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Katie Cronin: "It's hard to look past the fact that it's always been Colorado--even until this year. We entered the scene last season, but it's always been CU basketball that got all the attention. It's a shame we didn't have them on the schedule this year. I can't say much about this, but it would have been awfully nice to play them."
That will happen next season, when Hammon and Cronin have both graduated. For now, the Rams are thinking about even greater things--like the Big Dance. Because of their lofty ranking--highest for any Colorado team since the CSU men reached number four in 1969--they'll likely host two top-25 teams at the beginning of the NCAAs in Moby Gym, where they haven't lost since Colorado was a territory.
They're also thinking--Cronin says they dare to dream: What if?--about number-three Louisiana Tech. And about last year's tournament nemesis, number-two Purdue. The players would love to get that rematch, and so would the coach: Collen was an assistant at Purdue for seven years. The Rams also dare to dream about the biggest dog of all in women's college basketball--Pat Summitt's 23-2, first-ranked Tennessee Volunteers, anchored by the great Chamique Holdsclaw. Should the Rams get to the NCAA Final Four this season--the first local team to do it since the CU men way back in 1955--they could very well face Tennessee. In any case, they will see plenty of traditionally powerful clubs.
"This year," Collen says, "at least we'll get some of the big dogs on our home floor. Who knows? Auburn, Georgia, Alabama, Virginia, Clemson, North Carolina? None of them are in the top ten, and all of them may have to play on the road, but I consider every one of them a big dog."
Cronin, for one, is ready to fight. "I'm not going to put any expectations on us," she says, "whether it's Sweet 16 or Elite 8. But you never know. In my freshman year, we kind of popped up in the tournament not even knowing what we were doing there, and last year we got to the second round. Experience means everything at the NCAA, and now we know what it's like. The competitiveness. The toughness of it. The consistency of the best teams. This year, no one can tell us when to stop or who to lose to."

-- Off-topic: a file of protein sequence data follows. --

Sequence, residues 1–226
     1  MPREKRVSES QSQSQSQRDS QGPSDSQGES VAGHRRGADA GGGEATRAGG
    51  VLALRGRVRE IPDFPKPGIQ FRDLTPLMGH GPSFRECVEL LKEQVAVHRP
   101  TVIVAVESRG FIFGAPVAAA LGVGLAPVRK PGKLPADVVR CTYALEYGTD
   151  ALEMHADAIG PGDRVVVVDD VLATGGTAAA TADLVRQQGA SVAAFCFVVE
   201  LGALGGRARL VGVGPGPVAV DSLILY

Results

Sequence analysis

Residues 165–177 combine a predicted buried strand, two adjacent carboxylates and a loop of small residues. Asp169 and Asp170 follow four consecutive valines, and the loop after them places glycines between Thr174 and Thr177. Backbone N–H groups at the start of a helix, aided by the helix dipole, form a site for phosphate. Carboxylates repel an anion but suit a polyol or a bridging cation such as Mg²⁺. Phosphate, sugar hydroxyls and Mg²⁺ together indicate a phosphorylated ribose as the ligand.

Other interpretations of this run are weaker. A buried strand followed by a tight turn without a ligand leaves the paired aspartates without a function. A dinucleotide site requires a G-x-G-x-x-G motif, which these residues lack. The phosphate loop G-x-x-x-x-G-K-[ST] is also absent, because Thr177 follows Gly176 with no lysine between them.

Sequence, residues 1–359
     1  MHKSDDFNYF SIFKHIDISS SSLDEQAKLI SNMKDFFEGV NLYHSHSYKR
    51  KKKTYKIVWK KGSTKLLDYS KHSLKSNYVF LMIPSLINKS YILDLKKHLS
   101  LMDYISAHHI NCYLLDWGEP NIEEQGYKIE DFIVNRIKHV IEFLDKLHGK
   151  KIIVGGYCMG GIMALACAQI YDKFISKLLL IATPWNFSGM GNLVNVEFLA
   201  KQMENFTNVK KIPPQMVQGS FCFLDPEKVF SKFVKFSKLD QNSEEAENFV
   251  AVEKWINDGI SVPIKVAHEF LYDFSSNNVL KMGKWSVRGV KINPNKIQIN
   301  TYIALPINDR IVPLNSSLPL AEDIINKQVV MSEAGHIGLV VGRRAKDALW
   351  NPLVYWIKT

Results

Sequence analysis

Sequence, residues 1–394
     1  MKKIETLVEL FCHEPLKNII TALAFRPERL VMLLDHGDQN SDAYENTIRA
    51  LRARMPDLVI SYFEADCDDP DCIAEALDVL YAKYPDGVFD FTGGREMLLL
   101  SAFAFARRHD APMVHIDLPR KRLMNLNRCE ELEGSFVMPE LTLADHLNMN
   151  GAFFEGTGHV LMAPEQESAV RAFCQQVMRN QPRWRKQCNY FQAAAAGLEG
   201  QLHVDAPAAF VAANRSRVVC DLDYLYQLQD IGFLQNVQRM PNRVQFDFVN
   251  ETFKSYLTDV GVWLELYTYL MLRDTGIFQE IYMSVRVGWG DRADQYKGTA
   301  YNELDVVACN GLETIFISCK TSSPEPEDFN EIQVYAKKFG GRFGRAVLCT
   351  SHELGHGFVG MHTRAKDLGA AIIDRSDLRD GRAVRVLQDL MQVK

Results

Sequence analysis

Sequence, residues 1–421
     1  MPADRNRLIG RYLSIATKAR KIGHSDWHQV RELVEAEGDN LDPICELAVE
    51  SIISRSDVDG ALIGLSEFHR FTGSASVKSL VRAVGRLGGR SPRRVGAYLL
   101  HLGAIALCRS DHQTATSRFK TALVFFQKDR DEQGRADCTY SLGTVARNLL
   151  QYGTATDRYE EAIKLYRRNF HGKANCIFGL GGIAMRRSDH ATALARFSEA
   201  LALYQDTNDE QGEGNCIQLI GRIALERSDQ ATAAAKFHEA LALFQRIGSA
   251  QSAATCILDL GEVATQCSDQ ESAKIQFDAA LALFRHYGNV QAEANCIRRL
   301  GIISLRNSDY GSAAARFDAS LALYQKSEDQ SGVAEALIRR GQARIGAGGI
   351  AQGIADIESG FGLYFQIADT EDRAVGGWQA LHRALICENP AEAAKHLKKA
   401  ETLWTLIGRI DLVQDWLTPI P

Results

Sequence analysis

Tennessee? Connecticut? Louisiana Tech?
"Those are just other teams," Cronin says with a wave of the hand. "Obviously, they've been the top names in basketball for years. But we just go out and play hard and have lots of confidence. We're not going to back down to anybody."
"I never thought we'd lose a game this year," Manning says. "Not when we were down to Arizona. Not even when we lost at Cal. We won't be afraid of anyone in the tournaments, and we'll go in with our eyes open."
Still a little short in the paint and ragged down the floor, the Rams depend on selfless team chemistry, relentless aggression and brilliant outside shooting. Averaging 23 points per game, Hammon is particularly deadly with her fallaway jumper and her three-point bombs--she's sunk 329 of them in four seasons. The Rams may also have something else going for them at the Dance. The element of surprise.
"Obviously, we're not the biggest or the fastest," Cronin says. "You look at our team and we look like normal people. But we come out and we play like animals. That comes from within...I like being the underdog. In the WAC we're the hunted right now, but in the NCAAs we've snuck up on people before. I'm sure other teams scout us, but we're from the WAC. I'm not sure teams from the Southeast Conference or the ACC realize how quick Roxy is on defense or how good Becky really is. I don't think they think we're really legit yet. We don't have the history, so that's natural."
Come March, though, it may become natural to make a little history.